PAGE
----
The first time I met Professor Drew Bratcher, I walked out on him. It was my first year as an editor for Kodon, Wheaton’s literary and art journal. He was the faculty advisor for The Record, our campus newspaper, so he had been invited to a Kodon meeting to share his experience of the writing life. He ended up talking about everything from working as a journalist on Capitol Hill to the impact of the 2008 recession on the writing industry. As an impressionable college student barely starting my sophomore year, I was intimidated and enthralled in equal parts.
At the Writing Center, we see writing as a way of cultivating charity toward others, a written reflection of the love of Christ. Through the written word, we are able to extend Christ’s loving embrace to others–both the audience we address and the people we engage with through our citations. Makoto Fujimura, an internationally-renowned painter and essayist, describes this kind of writing as “culture care.”
Fujimura introduces the concept of Culture Care in his 2017 book by that name. In the book, the author calls artists–particularly those operating within a Christian worldview–to become stewards of culture through their creative work. So how might we apply the ideas of Culture Care to our writing? Let’s explore it together.
The value placed on fiction, and in particular fantasy, can vary in different circles within society: oftentimes Christians–particularly in an academic setting–can see fiction as inconsequential and even, at its worst, escapist. There is sometimes a desire to place fiction and fantasy in a category of frivolousness when it is not being read for class, only to be indulged in when one has the time and needs a break from the heavier, more “important” reading. As college students, we can become so besieged by the constant challenge to perform well, to write the phenomenal paper, to craft the perfect argument, that we forget that we can in fact read and write for our own enjoyment. As I have read through Alan Jacob’s book Reading for Pleasure in an Age of Distraction, I have come to believe that we can read and write for the enjoyment of it, especially when it comes to fiction, and it is intrinsically good for us to do so.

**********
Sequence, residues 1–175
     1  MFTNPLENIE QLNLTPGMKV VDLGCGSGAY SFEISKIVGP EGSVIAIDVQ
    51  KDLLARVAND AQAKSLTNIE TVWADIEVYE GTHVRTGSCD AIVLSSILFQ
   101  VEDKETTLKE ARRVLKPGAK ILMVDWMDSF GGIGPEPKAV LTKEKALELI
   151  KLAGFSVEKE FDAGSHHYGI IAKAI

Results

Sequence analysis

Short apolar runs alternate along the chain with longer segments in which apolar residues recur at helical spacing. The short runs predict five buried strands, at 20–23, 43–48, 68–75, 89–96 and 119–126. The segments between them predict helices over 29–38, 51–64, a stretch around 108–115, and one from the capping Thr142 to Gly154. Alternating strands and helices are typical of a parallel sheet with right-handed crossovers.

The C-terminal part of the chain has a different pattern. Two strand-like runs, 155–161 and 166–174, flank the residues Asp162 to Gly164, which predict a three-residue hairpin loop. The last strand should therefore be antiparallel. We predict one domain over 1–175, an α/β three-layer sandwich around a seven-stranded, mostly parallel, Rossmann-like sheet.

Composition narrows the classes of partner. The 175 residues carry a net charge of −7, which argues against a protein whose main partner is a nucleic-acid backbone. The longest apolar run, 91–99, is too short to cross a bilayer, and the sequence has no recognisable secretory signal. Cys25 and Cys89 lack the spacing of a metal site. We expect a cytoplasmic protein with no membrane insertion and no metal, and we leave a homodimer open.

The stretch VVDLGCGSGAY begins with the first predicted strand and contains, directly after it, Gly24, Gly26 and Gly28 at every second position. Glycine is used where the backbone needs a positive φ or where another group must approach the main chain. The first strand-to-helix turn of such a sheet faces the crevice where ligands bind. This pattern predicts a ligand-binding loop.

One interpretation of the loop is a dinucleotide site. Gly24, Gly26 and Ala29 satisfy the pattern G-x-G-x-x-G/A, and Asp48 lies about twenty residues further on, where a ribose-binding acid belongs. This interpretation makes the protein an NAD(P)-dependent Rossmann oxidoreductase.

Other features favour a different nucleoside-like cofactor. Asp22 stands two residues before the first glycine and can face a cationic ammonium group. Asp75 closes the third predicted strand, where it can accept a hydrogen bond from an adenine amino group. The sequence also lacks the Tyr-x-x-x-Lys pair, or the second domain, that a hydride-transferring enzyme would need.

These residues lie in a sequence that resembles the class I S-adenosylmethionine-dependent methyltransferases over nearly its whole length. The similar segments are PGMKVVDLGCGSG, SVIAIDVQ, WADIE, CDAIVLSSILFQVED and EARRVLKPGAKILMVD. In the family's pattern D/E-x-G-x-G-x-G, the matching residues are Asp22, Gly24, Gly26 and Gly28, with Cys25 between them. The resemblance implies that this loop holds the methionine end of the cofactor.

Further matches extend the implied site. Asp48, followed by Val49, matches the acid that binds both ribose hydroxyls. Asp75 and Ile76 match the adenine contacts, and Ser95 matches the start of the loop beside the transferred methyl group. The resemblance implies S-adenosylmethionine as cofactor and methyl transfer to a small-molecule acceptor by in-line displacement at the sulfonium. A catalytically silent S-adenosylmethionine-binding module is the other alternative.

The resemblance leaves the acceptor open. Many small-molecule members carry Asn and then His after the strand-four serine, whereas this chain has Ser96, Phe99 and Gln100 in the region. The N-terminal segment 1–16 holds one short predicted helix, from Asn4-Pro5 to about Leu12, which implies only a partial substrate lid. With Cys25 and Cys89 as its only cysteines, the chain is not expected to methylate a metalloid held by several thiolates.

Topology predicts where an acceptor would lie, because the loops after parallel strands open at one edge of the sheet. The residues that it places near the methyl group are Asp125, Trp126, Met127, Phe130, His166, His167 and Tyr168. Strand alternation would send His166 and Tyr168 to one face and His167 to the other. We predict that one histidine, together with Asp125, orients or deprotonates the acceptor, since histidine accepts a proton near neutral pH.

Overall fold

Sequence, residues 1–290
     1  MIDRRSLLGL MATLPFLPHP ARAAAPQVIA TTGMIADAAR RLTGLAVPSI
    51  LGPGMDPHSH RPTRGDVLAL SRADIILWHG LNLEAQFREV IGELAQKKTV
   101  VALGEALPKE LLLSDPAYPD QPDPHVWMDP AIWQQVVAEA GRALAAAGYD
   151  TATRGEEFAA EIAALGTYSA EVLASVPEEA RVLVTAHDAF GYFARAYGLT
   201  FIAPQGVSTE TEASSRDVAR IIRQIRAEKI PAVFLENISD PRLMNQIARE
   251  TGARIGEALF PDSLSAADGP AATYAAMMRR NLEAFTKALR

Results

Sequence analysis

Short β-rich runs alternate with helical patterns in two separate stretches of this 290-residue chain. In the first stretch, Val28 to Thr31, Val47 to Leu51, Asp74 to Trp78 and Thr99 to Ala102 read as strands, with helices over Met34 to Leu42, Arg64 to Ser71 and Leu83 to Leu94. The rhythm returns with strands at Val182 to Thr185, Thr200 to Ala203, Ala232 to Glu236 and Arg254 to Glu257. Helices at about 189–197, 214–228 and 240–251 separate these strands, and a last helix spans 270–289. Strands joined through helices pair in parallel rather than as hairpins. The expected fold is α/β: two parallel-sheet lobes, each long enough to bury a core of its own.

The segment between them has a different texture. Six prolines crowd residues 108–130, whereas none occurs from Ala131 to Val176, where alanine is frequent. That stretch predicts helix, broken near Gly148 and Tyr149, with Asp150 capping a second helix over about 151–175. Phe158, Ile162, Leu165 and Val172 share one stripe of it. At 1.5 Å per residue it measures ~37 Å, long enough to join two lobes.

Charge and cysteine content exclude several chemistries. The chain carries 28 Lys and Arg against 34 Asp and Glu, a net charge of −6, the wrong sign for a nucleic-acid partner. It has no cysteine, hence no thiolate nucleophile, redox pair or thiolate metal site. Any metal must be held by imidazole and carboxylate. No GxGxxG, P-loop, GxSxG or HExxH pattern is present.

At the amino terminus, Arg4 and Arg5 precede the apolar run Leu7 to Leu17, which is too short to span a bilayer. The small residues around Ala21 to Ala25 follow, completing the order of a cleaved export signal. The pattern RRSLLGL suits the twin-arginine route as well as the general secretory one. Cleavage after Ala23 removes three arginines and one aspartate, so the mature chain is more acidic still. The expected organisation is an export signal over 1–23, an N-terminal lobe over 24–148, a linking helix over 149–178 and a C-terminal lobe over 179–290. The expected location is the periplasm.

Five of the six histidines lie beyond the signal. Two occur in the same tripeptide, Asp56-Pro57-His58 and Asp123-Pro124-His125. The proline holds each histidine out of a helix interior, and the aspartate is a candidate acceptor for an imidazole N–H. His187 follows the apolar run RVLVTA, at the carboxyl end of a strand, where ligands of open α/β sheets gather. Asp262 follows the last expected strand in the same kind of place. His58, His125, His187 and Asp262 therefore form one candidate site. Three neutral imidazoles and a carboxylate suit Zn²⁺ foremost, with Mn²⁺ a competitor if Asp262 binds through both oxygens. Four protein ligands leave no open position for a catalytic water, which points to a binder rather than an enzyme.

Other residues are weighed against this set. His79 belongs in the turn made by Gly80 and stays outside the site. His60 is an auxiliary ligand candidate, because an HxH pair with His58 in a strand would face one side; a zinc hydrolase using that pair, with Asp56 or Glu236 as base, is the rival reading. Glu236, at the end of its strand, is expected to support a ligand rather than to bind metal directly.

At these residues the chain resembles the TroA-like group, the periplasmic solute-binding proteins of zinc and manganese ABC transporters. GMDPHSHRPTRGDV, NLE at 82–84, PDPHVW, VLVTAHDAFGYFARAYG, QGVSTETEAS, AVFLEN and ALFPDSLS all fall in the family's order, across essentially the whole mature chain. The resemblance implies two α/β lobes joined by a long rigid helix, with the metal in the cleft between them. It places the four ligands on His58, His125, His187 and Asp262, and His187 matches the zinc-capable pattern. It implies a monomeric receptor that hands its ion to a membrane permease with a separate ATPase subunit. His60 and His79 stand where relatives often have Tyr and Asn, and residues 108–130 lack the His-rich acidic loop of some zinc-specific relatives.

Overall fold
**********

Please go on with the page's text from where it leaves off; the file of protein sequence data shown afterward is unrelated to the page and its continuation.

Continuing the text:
I have a confession to make. On day one of Writing Center training, I learned to avoid the metaphor of a “fix-it shop” when describing my job. But I still find myself saying things like “I help people fix things that don’t work in their papers” when I’m explaining the Writing Center to other people.
If we’re being honest (and I hope we are), the internet plays a large role in our lives. I can confidently state this about you, the reader, because you’re reading this piece on the internet (✨wow✨)! More than ever, during this past year, it has become apparent just how reliant we are on the internet as students, academics, researchers, artists, writers, workers, and even friends. The internet is a source of entertainment, information, income, recreation, and expression—and we spend a lot of our online time reading text.